When will we learn to drive safely?

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This is an open letter to the residents of the Camp Creek community. I live on John Everall Road, which I consider the Camp Creek community. What will it take for us to learn that speed and reckless driving kills? On my way to church a recent Sunday morning, less than one mile from my house, I met two cars driving left of the center line at a high rate of speed. Need I say that John Everall Road is a dangerous road? It has numerous curves and one is a blind curve. As I made my way to Camp Creek Road, I had to stop because a man in an SUV was stopped on the right side of the road, fully in the right lane. Apparently, he was retrieving his newspaper from his box.
I had driven less than two miles and I counted three roadside memorials where young people lost their lives. Speed and carelessness equal victims.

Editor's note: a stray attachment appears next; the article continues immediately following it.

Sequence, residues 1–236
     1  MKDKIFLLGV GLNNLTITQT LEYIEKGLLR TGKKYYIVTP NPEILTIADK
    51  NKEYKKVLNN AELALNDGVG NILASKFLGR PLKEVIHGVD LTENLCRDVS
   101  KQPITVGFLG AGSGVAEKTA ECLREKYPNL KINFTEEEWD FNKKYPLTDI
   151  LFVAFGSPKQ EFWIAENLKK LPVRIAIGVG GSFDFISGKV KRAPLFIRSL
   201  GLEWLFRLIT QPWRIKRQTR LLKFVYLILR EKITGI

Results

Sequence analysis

As I made my way to church I passed another roadside memorial. Before I got to church I had passed seven such sites, meaning seven people died in less than five miles.
If I had taken another route, I probably would have counted at least that many or more. Most of the roads in this community are rural and narrow with lots of curves. The posted speed limit is 30 to 45 mph.
Most are residential areas and densely populated. Yet, many people speed and drive carelessly and unconcerned about their lives, their passengers or our neighbors and friends who have to travel these roads everyday.
I can stand in my front yard and see the scarred tree where a young man lost his life and left his younger brother seriously injured.
When will we learn? How many more roadside memorials do we have to place for our sons and daughters?
Please, please, please stop and think before you start your car. And pray for safe passage.

Norma P. Neal